Nor will Chewning v. Cunningham (1962) 368 U.S. 443, 82 S.Ct. 498, 7 L.Ed.2d 442, involving the Virginia recidivist statute, which is cited by the petitioner, lend any support to his contentions. In the first place, as Justice Douglas points out in the majority opinion, a proceeding under the Virginia recidivist statute had been held by the Virginia Courts to be a "criminal" action ( 368 U.S. at 445, 82 S.Ct. 498). As a concededly "criminal" proceeding, it was within the express language of the Sixth Amendment. Further, the result of a judgment under the statute was an enhancement in the defendant's imprisonment. As we have already observed, no such result follows from an adjudication in the license revocation hearing authorized under the Habitual Offender Act. Moreover, Justice Harlan points out in his concurring opinion, the recidivist statute gives the defendant no notice prior to actual trial that the statute is to be invoked or the basis on which it is to be invoked, a circumstance which makes the appointment of counsel compelling. No such attack can be leveled at the Act under review; it expressly provides for prior notice. Under no circumstances then, can a proceeding under the Virginia recidivist statute be likened to one for revocation of a driver's license under the Habitual Offender Act.
It remains to consider whether the appointment of counsel at the revocation hearing was required as a part of fundamental due process under the Fourteenth Amendment. It may be conceded that due process will demand that notice and opportunity to be heard be given to a defendant at the revocation hearing. Reese v. Kassab (3-judge Ct. Pa. 1971) 334 F. Supp. 744, 746-747; cf., however, Stauffer v. Weedlun (1972) 188 Neb. 105, 195 N.W.2d 218, appeal dismissed 409 U.S. 972, 93 S.Ct. 307, 34 L.Ed.2d 236, noted 52 Neb.L.Rev. 412 (1973). The Virginia statute meets this standard: It provides for both notice and opportunity to be heard on the part of the defendant. But due process does not go farther and require the appointment of counsel any more than it would require appointment in a proceeding to terminate welfare payments, in child dependency proceedings, in police disciplinary actions, in garnishment of wages, in ejectment proceedings involving public housing, in prejudgment replevin, in proceedings to purge the voting rolls, or in expulsion from the United States Military Academy. In all these proceedings, important civil rights — rights as important, in some instances more important, than the right to operate a motor vehicle — are involved. In none, however, is the appointment of counsel constitutionally mandated.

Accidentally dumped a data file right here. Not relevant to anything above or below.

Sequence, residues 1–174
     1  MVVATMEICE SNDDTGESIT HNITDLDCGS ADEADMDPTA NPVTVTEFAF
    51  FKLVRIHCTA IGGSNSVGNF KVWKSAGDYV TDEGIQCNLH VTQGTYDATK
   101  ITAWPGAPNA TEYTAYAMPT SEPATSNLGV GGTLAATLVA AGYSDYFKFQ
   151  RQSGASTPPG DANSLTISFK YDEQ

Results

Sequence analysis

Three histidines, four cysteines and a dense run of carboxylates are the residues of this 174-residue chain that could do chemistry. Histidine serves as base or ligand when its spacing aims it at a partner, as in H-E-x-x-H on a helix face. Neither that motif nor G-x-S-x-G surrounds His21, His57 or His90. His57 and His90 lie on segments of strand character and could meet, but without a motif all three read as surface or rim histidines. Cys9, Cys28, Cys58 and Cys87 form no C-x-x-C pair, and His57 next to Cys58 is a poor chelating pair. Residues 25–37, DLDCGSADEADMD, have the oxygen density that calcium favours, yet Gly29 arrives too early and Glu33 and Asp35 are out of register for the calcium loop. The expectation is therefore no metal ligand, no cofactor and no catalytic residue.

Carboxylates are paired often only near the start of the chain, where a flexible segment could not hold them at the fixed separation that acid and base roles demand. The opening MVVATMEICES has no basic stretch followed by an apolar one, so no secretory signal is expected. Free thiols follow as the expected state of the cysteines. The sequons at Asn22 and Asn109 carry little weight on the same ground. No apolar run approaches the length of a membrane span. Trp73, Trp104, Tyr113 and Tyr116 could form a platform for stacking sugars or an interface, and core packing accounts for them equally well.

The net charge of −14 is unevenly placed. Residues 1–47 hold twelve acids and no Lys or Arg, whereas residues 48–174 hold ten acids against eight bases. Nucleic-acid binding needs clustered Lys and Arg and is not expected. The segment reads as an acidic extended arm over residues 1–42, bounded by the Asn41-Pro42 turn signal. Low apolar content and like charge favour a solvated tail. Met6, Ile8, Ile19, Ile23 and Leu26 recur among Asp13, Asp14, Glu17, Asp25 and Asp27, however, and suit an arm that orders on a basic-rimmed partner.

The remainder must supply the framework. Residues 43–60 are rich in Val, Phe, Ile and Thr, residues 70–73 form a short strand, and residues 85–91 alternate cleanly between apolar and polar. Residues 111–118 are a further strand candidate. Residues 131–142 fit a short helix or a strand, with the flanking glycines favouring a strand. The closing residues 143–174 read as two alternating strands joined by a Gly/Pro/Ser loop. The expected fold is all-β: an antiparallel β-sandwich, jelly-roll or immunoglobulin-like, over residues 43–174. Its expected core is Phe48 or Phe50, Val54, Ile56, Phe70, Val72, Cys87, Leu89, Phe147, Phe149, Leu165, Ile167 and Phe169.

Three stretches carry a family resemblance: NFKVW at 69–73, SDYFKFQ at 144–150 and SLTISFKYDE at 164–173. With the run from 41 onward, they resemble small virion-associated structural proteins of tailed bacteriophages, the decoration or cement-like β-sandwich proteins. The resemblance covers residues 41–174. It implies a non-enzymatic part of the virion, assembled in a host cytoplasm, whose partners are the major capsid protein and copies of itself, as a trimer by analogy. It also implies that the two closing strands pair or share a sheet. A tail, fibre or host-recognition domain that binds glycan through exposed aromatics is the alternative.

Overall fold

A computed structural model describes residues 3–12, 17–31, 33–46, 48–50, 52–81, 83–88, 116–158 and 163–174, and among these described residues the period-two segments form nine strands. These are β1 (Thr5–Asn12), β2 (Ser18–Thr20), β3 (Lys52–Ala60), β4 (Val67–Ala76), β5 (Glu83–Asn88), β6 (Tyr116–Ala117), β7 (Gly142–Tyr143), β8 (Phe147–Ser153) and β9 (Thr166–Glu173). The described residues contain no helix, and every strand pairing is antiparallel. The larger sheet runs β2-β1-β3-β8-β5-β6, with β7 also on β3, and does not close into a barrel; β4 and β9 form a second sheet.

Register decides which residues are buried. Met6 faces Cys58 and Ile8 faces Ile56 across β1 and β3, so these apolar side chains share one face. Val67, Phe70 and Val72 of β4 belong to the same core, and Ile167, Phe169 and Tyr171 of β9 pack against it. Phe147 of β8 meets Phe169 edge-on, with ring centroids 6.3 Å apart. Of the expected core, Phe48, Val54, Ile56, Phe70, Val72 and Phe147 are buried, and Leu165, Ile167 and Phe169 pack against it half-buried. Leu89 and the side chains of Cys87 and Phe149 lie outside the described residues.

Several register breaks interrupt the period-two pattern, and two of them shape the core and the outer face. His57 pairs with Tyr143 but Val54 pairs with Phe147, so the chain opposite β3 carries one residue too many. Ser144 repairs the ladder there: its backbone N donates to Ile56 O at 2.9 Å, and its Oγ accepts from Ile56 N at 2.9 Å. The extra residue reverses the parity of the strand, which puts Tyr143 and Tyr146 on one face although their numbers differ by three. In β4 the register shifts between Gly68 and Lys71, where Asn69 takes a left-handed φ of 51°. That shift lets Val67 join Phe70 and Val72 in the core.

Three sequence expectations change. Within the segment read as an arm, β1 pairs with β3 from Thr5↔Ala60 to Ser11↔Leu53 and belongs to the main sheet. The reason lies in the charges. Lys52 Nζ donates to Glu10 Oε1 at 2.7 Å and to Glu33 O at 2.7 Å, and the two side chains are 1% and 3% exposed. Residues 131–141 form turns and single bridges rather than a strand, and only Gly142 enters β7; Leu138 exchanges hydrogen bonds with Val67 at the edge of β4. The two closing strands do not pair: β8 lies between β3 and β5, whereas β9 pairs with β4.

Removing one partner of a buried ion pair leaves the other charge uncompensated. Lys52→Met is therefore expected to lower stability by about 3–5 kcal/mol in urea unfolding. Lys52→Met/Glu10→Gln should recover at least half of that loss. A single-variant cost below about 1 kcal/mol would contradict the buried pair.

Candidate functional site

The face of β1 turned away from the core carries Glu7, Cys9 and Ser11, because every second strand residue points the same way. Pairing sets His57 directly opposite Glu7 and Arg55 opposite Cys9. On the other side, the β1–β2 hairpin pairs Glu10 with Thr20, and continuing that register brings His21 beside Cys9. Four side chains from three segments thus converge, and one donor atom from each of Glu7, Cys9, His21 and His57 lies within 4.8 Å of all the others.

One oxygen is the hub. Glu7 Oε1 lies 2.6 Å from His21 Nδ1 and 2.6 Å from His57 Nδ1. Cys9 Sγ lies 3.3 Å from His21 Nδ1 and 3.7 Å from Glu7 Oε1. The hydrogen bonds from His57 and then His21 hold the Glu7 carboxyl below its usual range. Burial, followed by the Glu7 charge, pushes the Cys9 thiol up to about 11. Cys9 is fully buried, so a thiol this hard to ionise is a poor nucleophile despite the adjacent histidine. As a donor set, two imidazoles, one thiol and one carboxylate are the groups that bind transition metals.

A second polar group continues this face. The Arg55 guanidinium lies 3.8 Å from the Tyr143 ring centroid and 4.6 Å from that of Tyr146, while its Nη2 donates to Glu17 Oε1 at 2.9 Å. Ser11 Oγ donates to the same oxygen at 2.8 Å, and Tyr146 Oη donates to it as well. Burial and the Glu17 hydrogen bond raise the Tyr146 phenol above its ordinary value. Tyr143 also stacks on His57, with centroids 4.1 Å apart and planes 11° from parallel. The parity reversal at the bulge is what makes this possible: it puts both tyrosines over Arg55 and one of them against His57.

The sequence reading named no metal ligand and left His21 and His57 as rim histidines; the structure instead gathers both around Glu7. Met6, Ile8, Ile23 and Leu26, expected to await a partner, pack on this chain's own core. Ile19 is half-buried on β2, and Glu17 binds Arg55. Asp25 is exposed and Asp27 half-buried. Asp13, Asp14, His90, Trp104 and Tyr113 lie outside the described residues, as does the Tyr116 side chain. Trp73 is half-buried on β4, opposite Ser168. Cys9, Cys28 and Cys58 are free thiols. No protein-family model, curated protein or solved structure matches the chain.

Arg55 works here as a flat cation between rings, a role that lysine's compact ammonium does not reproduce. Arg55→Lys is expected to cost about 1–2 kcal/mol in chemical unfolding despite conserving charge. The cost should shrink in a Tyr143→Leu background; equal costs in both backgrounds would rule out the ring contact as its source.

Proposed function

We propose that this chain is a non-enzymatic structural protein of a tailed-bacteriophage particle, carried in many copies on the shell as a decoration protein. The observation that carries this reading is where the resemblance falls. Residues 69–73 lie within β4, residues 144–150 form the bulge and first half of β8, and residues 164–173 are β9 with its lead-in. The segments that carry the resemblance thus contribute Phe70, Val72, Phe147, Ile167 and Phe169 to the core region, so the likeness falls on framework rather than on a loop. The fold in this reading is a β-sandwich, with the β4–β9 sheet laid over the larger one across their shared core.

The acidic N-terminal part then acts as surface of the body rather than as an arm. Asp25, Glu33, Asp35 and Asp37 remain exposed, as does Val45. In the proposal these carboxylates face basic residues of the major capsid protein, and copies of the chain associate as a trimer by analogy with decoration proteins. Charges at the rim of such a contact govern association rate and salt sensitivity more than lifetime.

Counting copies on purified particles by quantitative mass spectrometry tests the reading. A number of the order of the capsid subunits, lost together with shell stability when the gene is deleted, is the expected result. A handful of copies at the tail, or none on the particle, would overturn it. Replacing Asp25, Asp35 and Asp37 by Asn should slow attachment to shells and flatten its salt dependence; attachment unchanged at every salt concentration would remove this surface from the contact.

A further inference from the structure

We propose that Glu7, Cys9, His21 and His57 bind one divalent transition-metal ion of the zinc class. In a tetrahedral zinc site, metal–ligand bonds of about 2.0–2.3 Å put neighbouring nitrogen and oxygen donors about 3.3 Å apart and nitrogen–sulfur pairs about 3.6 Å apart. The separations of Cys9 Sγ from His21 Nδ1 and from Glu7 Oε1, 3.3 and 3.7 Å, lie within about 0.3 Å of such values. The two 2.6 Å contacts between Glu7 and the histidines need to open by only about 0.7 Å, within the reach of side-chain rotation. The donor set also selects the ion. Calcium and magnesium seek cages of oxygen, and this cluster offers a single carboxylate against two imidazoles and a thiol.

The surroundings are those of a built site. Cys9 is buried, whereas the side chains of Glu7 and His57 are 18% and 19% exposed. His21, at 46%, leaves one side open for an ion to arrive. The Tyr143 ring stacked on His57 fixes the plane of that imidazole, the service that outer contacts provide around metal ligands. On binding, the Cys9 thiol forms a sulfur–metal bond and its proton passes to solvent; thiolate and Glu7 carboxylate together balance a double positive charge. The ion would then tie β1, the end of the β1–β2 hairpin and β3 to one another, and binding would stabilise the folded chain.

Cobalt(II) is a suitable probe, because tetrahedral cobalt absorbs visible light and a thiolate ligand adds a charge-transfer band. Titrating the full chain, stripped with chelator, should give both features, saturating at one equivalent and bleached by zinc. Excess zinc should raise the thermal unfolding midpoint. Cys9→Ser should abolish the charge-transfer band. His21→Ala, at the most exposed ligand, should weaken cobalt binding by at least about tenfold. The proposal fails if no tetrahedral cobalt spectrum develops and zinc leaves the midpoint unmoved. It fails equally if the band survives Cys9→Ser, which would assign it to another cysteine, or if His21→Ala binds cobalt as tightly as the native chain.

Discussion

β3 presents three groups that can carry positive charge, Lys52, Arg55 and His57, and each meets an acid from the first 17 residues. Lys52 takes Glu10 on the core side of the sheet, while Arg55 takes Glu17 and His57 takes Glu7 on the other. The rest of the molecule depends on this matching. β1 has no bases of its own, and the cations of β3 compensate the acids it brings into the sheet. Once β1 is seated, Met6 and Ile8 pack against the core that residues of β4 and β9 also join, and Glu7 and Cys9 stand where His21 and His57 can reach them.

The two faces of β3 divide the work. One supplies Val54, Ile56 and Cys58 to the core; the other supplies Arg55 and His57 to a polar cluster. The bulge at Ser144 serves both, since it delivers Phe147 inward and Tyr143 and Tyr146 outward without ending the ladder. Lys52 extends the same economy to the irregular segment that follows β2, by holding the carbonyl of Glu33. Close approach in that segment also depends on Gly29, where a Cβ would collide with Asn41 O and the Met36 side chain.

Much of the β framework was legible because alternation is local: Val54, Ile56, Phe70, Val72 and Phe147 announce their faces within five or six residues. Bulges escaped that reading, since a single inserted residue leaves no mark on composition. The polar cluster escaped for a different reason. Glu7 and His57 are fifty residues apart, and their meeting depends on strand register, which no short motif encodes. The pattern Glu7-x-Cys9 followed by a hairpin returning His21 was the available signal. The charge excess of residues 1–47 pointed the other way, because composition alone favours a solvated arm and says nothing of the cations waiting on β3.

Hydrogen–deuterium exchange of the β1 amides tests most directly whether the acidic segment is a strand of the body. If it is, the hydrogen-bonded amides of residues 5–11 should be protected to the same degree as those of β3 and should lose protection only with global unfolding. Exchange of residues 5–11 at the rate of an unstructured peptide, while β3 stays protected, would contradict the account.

Caulder v. Durham Housing Authority (4th Cir. 1970) 433 F.2d 998, 1003-1004, cert. denied, 401 U.S. 1003, 91 S.Ct. 1228, 28 L.Ed.2d 539.
Hagopian v. Knowlton (2nd Cir. 1972) 470 F.2d 201, 211-212.
Due process does not even make mandatory appointment of counsel in a habeas proceeding, where loss of liberty by reason of unconstitutional deprivations is the issue. See Burston v. Caldwell (5th Cir. 1973) 477 F.2d 996.
"Due process" is not a "rigid form" but is "a flexible concept," which depends for its application on a careful balancing of public as against private interest. Hagopian v. Knowlton, supra. What is involved here is a revocation hearing under an habitual offender act but what is determined in this context is equally applicable in principle to a revocation of a driver's license under the point-system, a system that has long been recognized and is in vogue in thirty-four states. Acting under either the habitual offender act or under the point-system, states revoke thousands of drivers' licenses, not as punishment but in a proper concern for public safety on the highways. If counsel must be furnished indigents in all such proceedings, a procedure which was intended as an expeditious method of ridding the highways of dangerous drivers and of protecting the public would become an intolerable burden on the bar and a cumbersome procedure. A proper balancing of public versus private interest would not justify such a requirement.
The scope of this problem in Virginia and the factual rationale behind the Act is well supplied by the statistics set forth in note 1, 26 Wn. Lee L.Rev. 271, supra.
In summary, neither under fundamental due process nor under the Sixth Amendment can it be fairly concluded that appointment of counsel in a driving license revocation proceeding under the Virginia Habitual Offender Act is mandated.
The judgment of the District Court is affirmed.